LAS VEGAS--Panasonic officially kicked off the Consumer Electronics Show (CES) 2013 by showcasing its wide range of innovations, from a social user interface (UI) for smart TVs and a 4K OLED TV to energy management for automobiles.
Kazuhiro Tsuga, president of Panasonic, said in his keynote here Tuesday that the company has been commonly known as a TV manufacturer among consumers due to its long history in the business. However, it has increasingly broadened its influence beyond the living room over time to areas such as automotive, retail and avionics, he said.
In its core TV business, though, Tsuga pointed out that consumers today want more than just beautiful displays for their TVs. They are also looking out for easy access to content, a simple, intuitive UI, and the ability to connect to friends and social media contacts, he said.
To meet these demands, Panasonic developed a TV UI that relies on facial recognition tech to pull up the user's home page, and this would include the person's favorite content such as pictures and movies and his online social circle, the president revealed.
The company also partnered with Specific Media to provide content recommendation and targeted advertising services for consumers in the United States. Tim Vanderhook, co-founder and president of Specific Media, said users will be able to get movie and TV program recommendations according to selected parameters and from what their friends are watching.
Panasonic will continue to put the same effort in creating plasma and LED TVs in addition to furthering its software developments and tie-ups, Tsuga assured. To reiterate this, the president, together with Joe Taylor, CEO of Panasonic North America, showcased the company's 56-inchwhich is just half an inch thick and weighs 27 pounds.
Japanese rival Sony Electronics, too,during its press briefing Monday.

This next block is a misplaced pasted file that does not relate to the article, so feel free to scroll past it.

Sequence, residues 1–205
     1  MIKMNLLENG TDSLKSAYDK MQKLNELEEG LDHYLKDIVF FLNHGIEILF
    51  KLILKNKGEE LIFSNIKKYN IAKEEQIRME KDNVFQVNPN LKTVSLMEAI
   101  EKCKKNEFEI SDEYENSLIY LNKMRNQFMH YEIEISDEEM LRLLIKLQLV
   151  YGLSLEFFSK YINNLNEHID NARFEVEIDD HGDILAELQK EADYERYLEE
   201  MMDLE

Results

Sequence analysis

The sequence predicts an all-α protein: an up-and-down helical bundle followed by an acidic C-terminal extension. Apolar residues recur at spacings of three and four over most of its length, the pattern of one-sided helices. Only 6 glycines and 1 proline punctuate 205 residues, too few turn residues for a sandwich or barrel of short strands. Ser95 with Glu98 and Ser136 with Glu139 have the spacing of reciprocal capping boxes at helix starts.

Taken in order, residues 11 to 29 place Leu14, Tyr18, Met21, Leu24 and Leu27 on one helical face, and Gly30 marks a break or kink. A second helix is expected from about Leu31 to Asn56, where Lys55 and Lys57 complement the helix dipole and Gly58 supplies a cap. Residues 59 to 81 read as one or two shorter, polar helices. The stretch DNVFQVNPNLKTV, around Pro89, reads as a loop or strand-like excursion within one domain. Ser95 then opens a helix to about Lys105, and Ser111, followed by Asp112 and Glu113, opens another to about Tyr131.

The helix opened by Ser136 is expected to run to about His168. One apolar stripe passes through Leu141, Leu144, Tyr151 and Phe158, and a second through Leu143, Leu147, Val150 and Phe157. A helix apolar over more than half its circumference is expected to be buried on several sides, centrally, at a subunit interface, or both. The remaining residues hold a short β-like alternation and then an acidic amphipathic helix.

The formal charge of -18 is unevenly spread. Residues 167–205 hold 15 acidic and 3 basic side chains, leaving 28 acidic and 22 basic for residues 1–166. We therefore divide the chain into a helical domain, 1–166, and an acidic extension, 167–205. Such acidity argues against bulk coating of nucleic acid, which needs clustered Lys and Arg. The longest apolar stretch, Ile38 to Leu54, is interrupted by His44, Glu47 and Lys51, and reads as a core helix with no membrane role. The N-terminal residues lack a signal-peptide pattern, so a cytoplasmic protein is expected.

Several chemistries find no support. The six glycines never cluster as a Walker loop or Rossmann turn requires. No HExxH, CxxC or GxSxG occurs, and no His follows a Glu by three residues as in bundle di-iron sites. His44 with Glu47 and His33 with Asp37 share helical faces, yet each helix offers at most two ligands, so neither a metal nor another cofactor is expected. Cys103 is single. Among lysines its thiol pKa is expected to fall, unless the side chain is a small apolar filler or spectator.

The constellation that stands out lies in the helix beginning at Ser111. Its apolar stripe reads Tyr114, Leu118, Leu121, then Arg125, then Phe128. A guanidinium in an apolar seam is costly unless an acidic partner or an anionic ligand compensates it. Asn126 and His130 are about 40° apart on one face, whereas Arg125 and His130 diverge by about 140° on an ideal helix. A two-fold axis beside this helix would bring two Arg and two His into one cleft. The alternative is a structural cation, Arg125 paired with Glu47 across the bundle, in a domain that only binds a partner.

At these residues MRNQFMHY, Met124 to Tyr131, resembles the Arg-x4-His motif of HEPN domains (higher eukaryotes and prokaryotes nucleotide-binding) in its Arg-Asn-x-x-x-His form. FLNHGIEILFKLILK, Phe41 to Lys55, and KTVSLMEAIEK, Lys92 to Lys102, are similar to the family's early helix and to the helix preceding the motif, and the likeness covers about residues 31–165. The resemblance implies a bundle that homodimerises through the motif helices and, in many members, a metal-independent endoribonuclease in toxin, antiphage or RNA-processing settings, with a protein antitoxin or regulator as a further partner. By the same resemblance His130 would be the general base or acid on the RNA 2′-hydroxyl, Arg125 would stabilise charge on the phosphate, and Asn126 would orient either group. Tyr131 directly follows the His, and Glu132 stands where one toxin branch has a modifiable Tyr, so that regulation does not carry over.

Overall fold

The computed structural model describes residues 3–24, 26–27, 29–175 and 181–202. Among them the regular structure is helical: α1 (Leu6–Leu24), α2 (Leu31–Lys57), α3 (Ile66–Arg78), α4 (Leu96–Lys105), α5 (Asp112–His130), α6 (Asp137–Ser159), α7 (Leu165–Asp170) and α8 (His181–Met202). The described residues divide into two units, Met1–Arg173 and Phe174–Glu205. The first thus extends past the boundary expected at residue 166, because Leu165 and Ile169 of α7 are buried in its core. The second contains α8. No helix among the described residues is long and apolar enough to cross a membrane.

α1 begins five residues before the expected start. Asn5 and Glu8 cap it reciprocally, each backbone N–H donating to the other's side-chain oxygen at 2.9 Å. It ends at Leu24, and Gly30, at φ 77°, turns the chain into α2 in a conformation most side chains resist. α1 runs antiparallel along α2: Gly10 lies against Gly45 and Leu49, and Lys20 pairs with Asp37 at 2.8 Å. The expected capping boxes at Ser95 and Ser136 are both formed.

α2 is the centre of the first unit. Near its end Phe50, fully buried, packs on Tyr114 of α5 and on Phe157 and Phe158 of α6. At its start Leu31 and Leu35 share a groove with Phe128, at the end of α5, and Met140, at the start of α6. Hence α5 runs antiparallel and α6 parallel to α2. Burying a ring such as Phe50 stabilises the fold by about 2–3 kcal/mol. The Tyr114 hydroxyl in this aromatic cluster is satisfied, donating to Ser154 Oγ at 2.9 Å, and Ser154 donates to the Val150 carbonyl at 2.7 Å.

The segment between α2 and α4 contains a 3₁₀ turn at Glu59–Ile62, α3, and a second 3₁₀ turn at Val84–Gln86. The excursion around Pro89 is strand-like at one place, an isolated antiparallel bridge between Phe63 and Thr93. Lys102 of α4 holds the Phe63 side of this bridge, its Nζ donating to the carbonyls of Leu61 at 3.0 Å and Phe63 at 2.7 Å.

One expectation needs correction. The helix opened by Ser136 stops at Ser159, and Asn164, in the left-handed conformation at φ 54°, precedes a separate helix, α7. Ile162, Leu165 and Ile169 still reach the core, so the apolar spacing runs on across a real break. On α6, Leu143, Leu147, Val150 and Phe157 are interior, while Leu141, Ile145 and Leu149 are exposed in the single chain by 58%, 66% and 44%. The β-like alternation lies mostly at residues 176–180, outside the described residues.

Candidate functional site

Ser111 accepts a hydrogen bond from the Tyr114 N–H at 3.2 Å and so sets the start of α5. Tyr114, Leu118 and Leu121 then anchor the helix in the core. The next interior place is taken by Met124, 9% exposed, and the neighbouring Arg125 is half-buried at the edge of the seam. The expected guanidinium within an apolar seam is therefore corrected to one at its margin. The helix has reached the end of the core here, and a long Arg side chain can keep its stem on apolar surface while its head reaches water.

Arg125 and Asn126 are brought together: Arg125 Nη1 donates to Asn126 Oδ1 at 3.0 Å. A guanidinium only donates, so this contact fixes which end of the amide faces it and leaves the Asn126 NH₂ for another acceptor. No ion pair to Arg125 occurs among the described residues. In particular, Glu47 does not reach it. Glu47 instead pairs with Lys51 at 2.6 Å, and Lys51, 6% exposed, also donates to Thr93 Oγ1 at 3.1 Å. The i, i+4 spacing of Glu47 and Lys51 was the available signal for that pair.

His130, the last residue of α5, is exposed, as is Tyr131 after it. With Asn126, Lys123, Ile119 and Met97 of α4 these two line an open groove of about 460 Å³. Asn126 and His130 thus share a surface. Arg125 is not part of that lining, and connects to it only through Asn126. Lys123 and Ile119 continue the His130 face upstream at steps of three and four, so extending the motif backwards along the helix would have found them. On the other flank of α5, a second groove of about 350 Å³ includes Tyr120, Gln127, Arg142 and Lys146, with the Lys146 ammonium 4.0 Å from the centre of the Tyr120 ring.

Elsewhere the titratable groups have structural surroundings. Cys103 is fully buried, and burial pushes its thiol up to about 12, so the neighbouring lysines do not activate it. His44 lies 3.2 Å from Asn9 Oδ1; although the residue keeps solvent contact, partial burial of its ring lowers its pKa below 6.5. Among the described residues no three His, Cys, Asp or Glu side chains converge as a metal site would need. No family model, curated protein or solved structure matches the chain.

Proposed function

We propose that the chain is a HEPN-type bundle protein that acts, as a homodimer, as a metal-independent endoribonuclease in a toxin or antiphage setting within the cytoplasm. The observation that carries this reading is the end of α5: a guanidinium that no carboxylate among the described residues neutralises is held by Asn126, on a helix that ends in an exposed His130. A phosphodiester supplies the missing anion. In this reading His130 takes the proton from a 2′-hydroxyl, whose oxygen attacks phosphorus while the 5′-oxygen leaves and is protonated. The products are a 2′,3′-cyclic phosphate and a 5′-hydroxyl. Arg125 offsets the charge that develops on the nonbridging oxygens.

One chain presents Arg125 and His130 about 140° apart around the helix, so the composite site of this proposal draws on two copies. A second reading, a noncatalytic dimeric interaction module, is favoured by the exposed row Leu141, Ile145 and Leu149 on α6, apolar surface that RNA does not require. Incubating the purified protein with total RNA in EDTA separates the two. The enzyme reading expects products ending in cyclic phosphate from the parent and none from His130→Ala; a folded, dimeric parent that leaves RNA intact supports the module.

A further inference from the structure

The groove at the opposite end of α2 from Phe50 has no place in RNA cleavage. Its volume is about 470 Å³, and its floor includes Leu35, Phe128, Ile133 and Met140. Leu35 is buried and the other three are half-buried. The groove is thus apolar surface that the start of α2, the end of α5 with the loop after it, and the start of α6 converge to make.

The company's strength in digital imaging also spills over into its efforts to address mobile workers' needs. Taylor unveiled the company's first 20-inch tablet equipped with 4K display tech, which he said would help professionals such as architects and photographers to better view and edit their blueprints or images with precision on site, then send back the changes to the company via the Internet.
Green tech key business pillar
Beyond TV and digital imaging, Panasonic has also invested heavily in green technology, particularly in the automotive and avionics industries.
Tsuga shared that his commitment to automobile technology was first sparked when he studied in the United States and drove a 1965 Mustang convertible. Since then, he has led the company to develop lithium-ion batteries for partners such asTesla Motors, and energy management capabilities for General Motors.
Its expertise in green technologies also extends to avionics, in which Panasonic has partnerships with 275 airlines and its in-flight communications suite is installed in some 5,000 airplanes, he noted. One of its ongoing projects, for example, is to develop a low-power, lightweight in-flight technology suite for Air New Zealand's fleet of airplanes, and this is scheduled for deployment in 2014, he added.
The Japanese company had said earlier it was. In the Asia-Pacific market, specifically, it is aiming for its eco-friendly products to account for 80 percent of total sales by March 2013--up from the current 70 percent, it said.
Kevin Kwang of ZDNet Asia reported from the Consumer Electronics Show 2013 in Las Vegas, United States.